Thursday, August 3, 2000 Dr. Ed Lyman, NCI, 202-822-8444

Beatrice Brailsford, SRA, 208-234-4782




Environmental Management Office Rejects Proliferation-Prone Technology



The Nuclear Control Institute, a Washington, D.C.-based non-proliferation organization, and Idahos Snake River Alliance, today condemned a Department of Energy (DOE) plan to be implemented at Argonne National Laboratory-West (ANL-W) to reprocess 26 metric tons (MT) of spent fuel from plutonium breeder reactors using a dangerous and proliferation-prone experimental technology known as "pyroprocessing.


Direct disposal of this breeder reactor fuel is consistent with environmental protection, nuclear non-proliferation and cost savings, while the pyroprocessing choice is unproven and dangerous, said Dr. Edwin Lyman, Scientific Director at the Washington-based Nuclear Control Institute, a non-profit organization which focuses on nuclear non-proliferation issues. There is no technical justification for pyroprocessing breeder reactor fuel.


Pyroprocessing, also known as electrometallurgical treatment (EMT), is a spent fuel reprocessing technology originally developed for the Integral Fast Reactor (IFR) program, which was terminated by Congress in 1994. Although billed by its promoters as a proliferation-resistant technology because it doesn't separate pure weapons-usable plutonium if operated as designed, numerous reviews have identified ways in which it could be modified to do exactly that, said Beatrice Brailsford of the Snake River Alliance in Pocatello.

Perhaps the most dangerous aspect of pyroprocessing is its association with the Accelerator Transmutation of Waste (ATW) program, also supported by NE. This program, which could result in the reprocessing of all the commercial spent fuel in the United States, would be in direct violation of U.S. nuclear non-proliferation policy, yet it is being endorsed by several influential members of Congress for its pork-barrel potential, said Dr. Lyman.

DOE presented its "preferred alternative" for managing 60 MT of breeder fuel in the Final Environmental Impact Statement for the Treatment and Management of Sodium-Bonded Spent Nuclear Fuel, which was released last Friday. The 26 MT to be pyroprocessed consists primarily of spent fuel from the shutdown Experimental Breeder Reactor-II (EBR-II) at ANL-W. The 34 MT that is to be stored was discharged from the Fermi-I fast breeder reactor in Michigan, a sodium-cooled reactor shutdown in 1972. The Fermi fuel will be stored while DOE validates techniques other than reprocessing for preparing the fuel for direct disposal in a geologic repository.


The organizations noted that the amount of fuel involved in the decision represents less than half of the amount of fuel that DOE originally proposed for reprocessing, thereby revealing that support for pyroprocessing is not universal within the department.


The different approaches to disposal correspond to the difference in preferences of the Office of Nuclear Energy, Science and Technology (NE), which funds development of pyroprocessing and controls the fate of the EBR-II fuel, and the Office of Environmental Management (EM), which is responsible for the Fermi-I fuel. EM declined earlier this year to transfer responsibility for the Fermi-I fuel to NE, even though it considered such a transfer. A November 1999 memo prepared by EM reveals that the office determined that direct disposal of the Fermi fuel was cheaper than electrometallurgical processing and that waste disposal criteria likely could be met by direct disposal.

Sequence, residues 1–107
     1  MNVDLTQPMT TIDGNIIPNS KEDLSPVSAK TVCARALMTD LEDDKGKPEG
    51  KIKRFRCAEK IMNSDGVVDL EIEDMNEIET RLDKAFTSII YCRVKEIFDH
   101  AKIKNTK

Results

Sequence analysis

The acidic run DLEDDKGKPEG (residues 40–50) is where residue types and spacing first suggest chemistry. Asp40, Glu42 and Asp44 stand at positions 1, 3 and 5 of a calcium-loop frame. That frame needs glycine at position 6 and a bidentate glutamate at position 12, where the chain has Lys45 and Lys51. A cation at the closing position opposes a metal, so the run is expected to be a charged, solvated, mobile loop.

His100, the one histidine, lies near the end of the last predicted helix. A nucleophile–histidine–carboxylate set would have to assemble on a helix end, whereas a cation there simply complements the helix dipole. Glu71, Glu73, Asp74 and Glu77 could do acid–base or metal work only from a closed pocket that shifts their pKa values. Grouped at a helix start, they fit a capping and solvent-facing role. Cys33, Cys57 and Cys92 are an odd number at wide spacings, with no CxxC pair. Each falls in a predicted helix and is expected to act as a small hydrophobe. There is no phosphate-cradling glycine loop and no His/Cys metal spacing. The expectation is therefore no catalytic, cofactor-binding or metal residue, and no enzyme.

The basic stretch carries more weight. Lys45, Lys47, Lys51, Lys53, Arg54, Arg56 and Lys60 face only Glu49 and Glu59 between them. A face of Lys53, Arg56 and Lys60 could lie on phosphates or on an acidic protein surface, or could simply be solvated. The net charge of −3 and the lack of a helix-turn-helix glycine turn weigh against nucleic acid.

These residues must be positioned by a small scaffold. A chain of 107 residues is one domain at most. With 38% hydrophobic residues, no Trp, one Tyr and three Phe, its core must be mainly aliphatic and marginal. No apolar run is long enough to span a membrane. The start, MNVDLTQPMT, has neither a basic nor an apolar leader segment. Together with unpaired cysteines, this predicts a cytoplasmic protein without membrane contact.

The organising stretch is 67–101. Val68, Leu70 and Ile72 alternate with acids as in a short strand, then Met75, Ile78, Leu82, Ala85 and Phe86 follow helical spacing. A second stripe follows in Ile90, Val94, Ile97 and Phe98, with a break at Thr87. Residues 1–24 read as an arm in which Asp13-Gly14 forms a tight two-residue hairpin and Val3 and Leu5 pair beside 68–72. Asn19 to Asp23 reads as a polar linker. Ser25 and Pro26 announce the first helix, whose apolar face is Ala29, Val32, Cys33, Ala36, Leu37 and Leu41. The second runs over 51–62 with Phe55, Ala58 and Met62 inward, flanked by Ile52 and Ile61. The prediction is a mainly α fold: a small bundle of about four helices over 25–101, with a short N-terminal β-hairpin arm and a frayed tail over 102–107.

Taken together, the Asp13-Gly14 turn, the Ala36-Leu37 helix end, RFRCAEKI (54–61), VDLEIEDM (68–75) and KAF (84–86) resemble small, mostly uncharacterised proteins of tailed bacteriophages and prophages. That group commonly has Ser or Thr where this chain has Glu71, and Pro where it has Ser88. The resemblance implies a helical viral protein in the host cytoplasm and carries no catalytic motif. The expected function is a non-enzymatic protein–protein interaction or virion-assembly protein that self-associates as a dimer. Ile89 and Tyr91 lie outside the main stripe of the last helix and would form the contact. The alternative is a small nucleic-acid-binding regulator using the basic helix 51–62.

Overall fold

NE has maintained that pyroprocessing of sodium-bonded spent fuel is necessary because the presence of metallic sodium, a chemically reactive substance, could cause problems in a geologic repository. However, according to Dr. Lyman, this argument is flawed for two reasons: one, NE has not demonstrated that the sodium in the fuel would render it unsuitable for repository disposal; and two, there are cheaper and less dangerous methods for removing the sodium from the "blanket" fuel assemblies, which form over 80% by weight of the material to be processed.


"There is no significant difference between the fuel NE wants to pyroprocess and the fuel EM wants to store," said Dr. Lyman. "The only difference is that EM has made a decision based on sound analysis of cost and relevant waste management and non-proliferation issues.


The pyroprocessing program at ANL-W has not worked well. A release of radiation during routine maintenance exposed 11 workers to radioactivity and led to a two-month shutdown of the facility. However, even with a two-month extension, ANL-W was only able to reprocess about 1 MT of fuel, or only about 64% of the goal which had been established, by August 1999. DOE was only able to claim that the demonstration program met or exceeded all key performance criteria by changing the original criteria, in other words, it was only by moving the goal posts that NE was able claim success, said Dr. Lyman.


That pyroprocessing separates actinides --- plutonium and heavier isotopes --- is of concern from a waste management perspective. Pyroprocessing generates a variety of unique waste streams which could well increase the difficulty of disposing of the fuel, said Brailsford. The people of Idaho and the nation do not need to be confronted with the additional waste management burden presented by reprocessing of breeder fuel.